- The West Bengal government on 18th August, 2017 advised the Supreme Court against evolving a central selection mechanism for appointing judicial officers in State subordinate judicial services, saying it is against the principle of federalism practiced in Indian democracy.
- Government officials advised the SC not to rush into an area that is uncertain and and suggested that if at all the initiative is undertaken, such a mechanism should come through proper legislation if at all it is implicated.
- They also added that a central mechanism would contradict the constitutional duty of the State High Courts under Article 233 of the Constitution.
- The Article provides that the Governor should appoint district judges in consultation with the High Court concerned.
Strengthening of public health services must go along with leveraging of private sector resources.
- Strengthening of the country’s public health services must go along with private sector resources.
Need for the Public and Private health care partnership:
- Community Health Centres report a 65 per cent vacancy rate of specialists since governments are simply unable to attract and retain talent. For example:
- The recent Gorakhpur tragedy is just another reminder of the tragic consequences ultimately borne by our citizens.
- After decades of effort at strengthening our health system, the country is still struggling with the absenteeism of doctors — ranging from 28 per cent to 68 per cent in different states.
- In the prestigious AIIMS at New Delhi, there are 1.33 lakh cancer patients seeking care, of which only 36,000 get admitted with the number of beds available for chemotherapy being a mere 36.
- The urgency of supply shortage requires the strengthening of public sector while also leveraging private resources and capacities.
- Thus, the recent Niti-Aayog’s public–private partnership aims to ensure that district hospitals provide basic services for the diagnosis and treatment of non-communicable diseases at affordable rates or free of cost for those patients for whom the government chooses to cover such costs through insurance or through budgetary grants.
- From Nepal to the Philippines, countries in South and South-East Asia are keenly observing the Doklam crisis, wary of taking sides, but also keeping a close eye on subtle power shifts that the unfolding crisis embroiling China and India may reveal.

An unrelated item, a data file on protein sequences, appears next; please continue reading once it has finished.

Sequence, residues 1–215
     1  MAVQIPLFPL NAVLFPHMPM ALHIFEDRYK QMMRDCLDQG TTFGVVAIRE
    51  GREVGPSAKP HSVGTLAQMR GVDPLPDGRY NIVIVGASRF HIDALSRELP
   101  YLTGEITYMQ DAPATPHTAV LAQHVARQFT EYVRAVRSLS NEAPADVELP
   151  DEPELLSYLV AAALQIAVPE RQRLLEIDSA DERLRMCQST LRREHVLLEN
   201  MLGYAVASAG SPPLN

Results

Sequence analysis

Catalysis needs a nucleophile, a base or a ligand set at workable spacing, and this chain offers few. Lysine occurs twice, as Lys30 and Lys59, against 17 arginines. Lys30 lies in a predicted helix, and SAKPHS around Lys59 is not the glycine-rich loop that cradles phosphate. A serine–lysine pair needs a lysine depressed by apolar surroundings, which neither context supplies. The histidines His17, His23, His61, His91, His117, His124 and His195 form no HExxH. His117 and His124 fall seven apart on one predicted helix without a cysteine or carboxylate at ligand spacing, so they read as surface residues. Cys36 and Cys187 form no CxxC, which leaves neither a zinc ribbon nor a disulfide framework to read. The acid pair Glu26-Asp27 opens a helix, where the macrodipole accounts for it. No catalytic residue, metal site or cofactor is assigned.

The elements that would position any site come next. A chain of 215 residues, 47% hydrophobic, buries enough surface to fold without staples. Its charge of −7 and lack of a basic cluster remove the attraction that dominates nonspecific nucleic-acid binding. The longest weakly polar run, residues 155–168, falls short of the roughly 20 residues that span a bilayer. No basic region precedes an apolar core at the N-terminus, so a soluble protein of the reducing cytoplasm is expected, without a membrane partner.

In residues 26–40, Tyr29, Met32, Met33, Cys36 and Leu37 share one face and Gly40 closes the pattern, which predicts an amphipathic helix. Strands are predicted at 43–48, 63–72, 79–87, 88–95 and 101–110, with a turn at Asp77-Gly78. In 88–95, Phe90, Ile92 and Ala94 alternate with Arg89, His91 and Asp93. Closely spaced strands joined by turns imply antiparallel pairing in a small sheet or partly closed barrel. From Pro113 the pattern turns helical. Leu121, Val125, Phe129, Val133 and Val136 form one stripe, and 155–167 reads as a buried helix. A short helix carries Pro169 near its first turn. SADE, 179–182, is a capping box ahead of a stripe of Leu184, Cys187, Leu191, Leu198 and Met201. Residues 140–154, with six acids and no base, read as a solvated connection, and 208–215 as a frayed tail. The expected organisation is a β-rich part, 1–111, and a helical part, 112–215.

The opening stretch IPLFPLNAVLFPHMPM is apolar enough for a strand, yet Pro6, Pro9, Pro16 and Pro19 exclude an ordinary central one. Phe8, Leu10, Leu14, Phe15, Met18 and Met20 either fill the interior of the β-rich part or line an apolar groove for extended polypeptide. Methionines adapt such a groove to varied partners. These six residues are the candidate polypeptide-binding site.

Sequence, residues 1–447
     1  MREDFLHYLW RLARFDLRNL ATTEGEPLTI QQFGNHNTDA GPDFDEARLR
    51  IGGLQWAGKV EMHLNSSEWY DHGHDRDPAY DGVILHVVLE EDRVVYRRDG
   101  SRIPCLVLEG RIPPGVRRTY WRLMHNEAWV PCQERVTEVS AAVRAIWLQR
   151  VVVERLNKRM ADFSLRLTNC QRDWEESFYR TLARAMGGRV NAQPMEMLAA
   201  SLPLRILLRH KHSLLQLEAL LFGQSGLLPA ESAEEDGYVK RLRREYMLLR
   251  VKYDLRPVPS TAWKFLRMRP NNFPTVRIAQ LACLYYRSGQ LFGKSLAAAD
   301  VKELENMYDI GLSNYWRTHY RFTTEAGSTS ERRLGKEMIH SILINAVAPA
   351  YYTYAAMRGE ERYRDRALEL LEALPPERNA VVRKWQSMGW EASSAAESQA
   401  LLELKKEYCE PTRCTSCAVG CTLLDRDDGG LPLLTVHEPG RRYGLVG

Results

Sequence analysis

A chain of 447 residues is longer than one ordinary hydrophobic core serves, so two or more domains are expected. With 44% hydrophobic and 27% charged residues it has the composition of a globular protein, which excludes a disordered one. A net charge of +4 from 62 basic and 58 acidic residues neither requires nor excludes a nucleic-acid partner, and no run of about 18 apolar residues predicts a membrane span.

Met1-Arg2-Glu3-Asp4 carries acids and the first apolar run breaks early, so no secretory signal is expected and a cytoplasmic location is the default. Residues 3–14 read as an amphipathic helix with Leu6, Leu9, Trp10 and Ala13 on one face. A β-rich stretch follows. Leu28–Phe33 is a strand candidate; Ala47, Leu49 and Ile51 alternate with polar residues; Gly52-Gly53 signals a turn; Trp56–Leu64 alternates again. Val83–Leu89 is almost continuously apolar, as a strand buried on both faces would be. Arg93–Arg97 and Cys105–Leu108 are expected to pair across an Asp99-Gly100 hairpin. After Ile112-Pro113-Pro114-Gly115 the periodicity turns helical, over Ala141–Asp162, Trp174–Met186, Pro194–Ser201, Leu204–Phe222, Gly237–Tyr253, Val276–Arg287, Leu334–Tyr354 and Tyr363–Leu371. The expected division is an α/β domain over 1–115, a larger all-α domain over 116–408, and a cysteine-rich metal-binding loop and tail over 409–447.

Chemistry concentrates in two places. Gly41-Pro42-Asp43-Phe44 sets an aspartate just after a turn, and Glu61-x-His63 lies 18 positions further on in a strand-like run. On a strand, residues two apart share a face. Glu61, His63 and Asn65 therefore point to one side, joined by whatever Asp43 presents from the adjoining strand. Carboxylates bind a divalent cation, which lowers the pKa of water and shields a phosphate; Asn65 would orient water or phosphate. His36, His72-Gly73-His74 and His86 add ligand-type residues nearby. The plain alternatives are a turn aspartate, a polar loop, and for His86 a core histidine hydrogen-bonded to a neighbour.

Different sides taken by different countries
- During a visit to Islamabad by China’s Vice Premier, Wang Yang, on the occasion of the 70th anniversary of Pakistan’s Independence, the Pakistani side backed all positions adopted by China, ranging from Doklam to the South China Sea (SCS).
- Japan became the first G-7 country to support India’s position on the Doklam issue.
- In New Delhi, Japan’s Ambassador to India Kenji Hiramatsu acknowledged that the Doklam area “is disputed between China and Bhutan,” countering Beijing’s claim that the stand-off was taking place on Chinese sovereign territory.
- Nepal, sharing common borders with India and China, has expressed neutrality on the Doklam standoff, and called for a diplomatic and peaceful solution to the crisis.
- But in the Asia-Pacific, the Doklam face-off is being conflated with regional contests between China and several members of the Association of South East Asian Nations (ASEAN), including the SCS.
- The rising tensions in Doklam may have perpetrators on both sides of the fence, but for many in East Asia it underscores the fact that China is embroiled in multiple territorial disputes across the Eurasian landmass and rim land.
- The Hong Kong-based South China Morning Post (SCMP), quoted foreign policy specialists is reporting that the protracted border dispute between China and India in the Himalayas “has created a ‘spillover effect’ as China’s neighbours become unsettled by its tough handling of the escalating conflict between the two Asian giants.
- India’s standing up to China can only be a boon for South-East Asian countries even when they don’t say so openly.
- Any major power keeping China in check can only yield geopolitical benefits to South-East Asia as the region is wary of China’s growing assertiveness.
- The National Human Rights Commission (NHRC) on Friday issued a notice to the Union Ministry of Home Affairs over the calculated deportation of about 40,000 Rohingya immigrants from Myanmar, asking for a detailed report within four weeks.
The observation of NHRC
- The government’s plan to deport the Rohingyas by setting up “detention centres”.
- The NHRC observed that the refugees are no doubt foreign nationals but they are human beings, they fear persecution.
- Before taking such a big step, the Government of India has to look into every aspect of the situation.
- Keeping in focus the fact that the members of the Rohingya community, who have crossed into India and are residing here for long, have a fear of persecution once they are pushed back to their native country.
- The NHRC emphasized on the Supreme Court’s decisions that say the Right to Life and Personal Liberty under Article 21 of the Constitution apply to all, irrespective of their citizenship.